Roberts once considered herself a reformer. It was the Washington system that convinced her that her foster care was irreparable. Appointed to a panel of independent experts tasked with ensuring our state meets a series of court-ordered improvement goals, Roberts spent the years between 2004 and 2013 traveling back and forth from Illinois to a SeaTac conference room, monitoring progress. There were dozens of meetings, action plans, benchmarks and all the memberships that one could ask for. But after nine years, foster care as a system has stalled.

“We need a total paradigm shift,” said Roberts.

Selivanoff of the Children’s Home Society agrees. But she’s not calling for outright abolition – there are parents who kids are really not safe with, she says, though her take on who is and isn’t safe will back off some. people. For example, a mom or dad doesn’t have to be 100% drug-free, Selivanoff believes. Consider how many middle-class white pot smokers or two-cocktail after-work guys are never in danger of losing their kids, and you can see his take.

New Orleans provides a model of what our system might look like one day. In the early 2000s, juvenile court judge Ernestine Gray admitted that many child displacements were the result of social workers misinterpreting poverty as neglect. No food in the fridge? Don’t take the kids, just send the family to a food bank, Justice Gray would say. No electricity in the house? Keep the kids with their mom and help pay the utility bill instead. The state spends more on keeping children in foster care than on helping families in need, she notes.

As a result, while the number of children in foster care increased 8% nationally between 2011 and 2017, the number of children in New Orleans plunged 89%.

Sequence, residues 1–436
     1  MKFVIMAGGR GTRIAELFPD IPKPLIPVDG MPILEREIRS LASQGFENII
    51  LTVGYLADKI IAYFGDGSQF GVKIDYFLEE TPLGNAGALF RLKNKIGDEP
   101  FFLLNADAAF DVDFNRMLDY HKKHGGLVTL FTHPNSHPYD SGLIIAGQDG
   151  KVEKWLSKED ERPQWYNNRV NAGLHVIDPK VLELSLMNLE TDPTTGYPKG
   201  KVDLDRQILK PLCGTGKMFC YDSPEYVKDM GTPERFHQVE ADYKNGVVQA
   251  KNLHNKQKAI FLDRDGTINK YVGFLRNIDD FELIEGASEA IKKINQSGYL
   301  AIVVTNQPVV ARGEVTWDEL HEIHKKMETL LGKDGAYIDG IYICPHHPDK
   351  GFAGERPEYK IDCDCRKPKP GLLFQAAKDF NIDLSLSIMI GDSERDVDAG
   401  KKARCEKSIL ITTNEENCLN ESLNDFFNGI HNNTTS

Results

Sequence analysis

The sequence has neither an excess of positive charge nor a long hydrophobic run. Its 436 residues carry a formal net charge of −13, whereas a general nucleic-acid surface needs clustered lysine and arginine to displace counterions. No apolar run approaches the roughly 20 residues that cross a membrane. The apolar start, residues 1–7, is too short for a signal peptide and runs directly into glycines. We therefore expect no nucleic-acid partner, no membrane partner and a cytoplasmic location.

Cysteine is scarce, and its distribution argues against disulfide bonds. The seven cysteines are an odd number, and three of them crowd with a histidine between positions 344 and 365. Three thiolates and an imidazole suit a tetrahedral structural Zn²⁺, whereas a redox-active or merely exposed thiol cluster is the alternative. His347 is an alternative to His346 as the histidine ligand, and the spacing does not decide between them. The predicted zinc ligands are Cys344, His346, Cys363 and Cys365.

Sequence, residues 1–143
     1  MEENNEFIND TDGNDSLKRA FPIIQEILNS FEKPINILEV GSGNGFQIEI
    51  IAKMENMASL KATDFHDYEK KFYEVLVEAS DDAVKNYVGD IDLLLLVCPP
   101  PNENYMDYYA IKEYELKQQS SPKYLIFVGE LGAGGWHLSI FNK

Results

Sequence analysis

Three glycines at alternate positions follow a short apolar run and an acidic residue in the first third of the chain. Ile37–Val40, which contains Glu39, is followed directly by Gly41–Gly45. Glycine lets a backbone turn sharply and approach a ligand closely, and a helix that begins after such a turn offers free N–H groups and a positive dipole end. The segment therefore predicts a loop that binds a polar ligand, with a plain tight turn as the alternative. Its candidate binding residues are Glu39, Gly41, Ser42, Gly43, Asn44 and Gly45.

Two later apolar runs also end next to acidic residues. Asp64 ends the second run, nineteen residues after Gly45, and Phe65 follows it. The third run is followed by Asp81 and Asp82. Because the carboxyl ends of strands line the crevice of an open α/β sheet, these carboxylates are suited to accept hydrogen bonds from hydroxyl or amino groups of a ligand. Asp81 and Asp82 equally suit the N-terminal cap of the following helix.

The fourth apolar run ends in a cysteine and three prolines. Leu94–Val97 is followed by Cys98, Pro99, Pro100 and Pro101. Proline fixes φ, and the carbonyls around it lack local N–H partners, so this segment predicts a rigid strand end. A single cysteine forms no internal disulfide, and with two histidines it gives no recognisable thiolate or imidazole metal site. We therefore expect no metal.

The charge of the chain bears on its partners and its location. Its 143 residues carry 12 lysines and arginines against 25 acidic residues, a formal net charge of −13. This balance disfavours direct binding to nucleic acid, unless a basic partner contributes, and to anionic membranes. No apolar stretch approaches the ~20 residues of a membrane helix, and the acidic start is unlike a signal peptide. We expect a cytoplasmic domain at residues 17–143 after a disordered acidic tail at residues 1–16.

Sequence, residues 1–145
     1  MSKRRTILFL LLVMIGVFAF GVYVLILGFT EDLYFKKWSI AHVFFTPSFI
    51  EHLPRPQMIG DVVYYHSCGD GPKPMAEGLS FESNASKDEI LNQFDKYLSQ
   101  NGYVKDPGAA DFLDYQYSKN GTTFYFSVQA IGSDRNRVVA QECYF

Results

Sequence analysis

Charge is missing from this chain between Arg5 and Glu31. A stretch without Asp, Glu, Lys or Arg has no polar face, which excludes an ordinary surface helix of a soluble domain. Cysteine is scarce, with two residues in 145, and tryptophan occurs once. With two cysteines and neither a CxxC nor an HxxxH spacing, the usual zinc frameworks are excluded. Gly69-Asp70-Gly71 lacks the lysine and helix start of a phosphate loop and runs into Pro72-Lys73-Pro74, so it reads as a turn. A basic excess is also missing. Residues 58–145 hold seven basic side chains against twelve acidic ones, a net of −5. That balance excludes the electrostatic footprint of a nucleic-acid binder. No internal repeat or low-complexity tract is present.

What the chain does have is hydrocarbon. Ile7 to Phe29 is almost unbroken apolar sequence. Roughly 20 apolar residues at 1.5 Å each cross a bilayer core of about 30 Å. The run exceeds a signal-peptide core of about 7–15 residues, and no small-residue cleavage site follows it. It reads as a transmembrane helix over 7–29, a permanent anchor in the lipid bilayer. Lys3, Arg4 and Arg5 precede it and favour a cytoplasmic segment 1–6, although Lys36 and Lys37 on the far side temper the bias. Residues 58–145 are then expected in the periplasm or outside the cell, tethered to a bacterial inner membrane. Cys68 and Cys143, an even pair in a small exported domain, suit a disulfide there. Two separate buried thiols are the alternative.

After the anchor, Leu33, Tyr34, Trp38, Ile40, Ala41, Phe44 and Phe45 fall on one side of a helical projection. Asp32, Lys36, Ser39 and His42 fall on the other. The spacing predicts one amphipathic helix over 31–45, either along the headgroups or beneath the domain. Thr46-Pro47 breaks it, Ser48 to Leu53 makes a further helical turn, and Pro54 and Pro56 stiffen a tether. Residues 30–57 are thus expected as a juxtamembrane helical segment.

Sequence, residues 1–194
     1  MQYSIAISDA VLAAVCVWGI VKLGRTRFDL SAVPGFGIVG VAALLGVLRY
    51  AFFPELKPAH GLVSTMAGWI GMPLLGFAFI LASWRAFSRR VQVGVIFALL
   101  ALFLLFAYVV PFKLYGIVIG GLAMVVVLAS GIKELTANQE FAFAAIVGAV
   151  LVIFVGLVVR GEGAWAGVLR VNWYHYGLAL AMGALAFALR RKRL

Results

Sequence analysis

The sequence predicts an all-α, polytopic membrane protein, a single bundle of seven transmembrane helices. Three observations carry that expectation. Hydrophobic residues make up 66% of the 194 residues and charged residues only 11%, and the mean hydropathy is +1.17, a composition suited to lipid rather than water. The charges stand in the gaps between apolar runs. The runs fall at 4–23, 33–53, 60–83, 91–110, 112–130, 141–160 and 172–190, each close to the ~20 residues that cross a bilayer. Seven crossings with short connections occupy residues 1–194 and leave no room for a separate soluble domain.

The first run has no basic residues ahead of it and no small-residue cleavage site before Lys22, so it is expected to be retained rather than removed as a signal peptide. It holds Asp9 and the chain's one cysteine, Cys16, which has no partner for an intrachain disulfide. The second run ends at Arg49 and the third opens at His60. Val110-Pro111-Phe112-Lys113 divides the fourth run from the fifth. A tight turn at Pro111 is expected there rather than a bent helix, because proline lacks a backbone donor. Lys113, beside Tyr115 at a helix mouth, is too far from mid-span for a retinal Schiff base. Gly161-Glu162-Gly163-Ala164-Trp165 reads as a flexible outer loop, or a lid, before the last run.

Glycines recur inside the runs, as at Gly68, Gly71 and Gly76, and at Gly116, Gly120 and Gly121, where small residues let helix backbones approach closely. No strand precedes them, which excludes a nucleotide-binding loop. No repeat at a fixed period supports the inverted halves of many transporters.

How have these children behaved since? Hard to say. Casey Family Programs, a private Seattle-based nonprofit, studied Justice Gray’s work but declined to release his report.

The keystone of the whole approach is, of course, the services. And this is where our plan still seems a little slack.

Hunter plans a statewide network of independently run resource centers where parents can seek help, instead of exposing their problems to child welfare social workers. (You don’t have to be a genius to understand why a mother may be reluctant to confess her struggles to someone who has the power to take her children for exactly the issues she just faced.) But for at the moment, most of these centers exist as pilots. programs or in small operations west of the mountains.

State Representative Carolyn Eslick R-Sultan, a former restaurant owner who champions efforts to create more, remembers when the light bulb lit for her. It was 1992, and one of her cooks had just made a third suicide attempt. The woman was a single mother of five, but she did not need to take her children away. She needed treatment for depression. For Eslick, this is precisely the type of scenario where family resource centers could make a difference. In fact, six have opened in his neighborhood since then.

Currently, Washington has 46 such sites – eight of which are operated by the Selivanoff organization – and there are plans to open 200 more over the next two years. Evidence from other parts of the country suggests that reports of child abuse are drastically decreasing in communities with these centers. Teller County, Colorado, reported declines of more than 57%.

This is how public policy moves slowly towards progress. The abolition of foster care seemed a long way off 20 years ago. Today, the idea is the center of attention at Columbia University and shapes the work of academics.

Even long-time bureaucrats like Ross Hunter are answering the call. If his plan works, we should have fewer homeless people and a lot more high school graduates.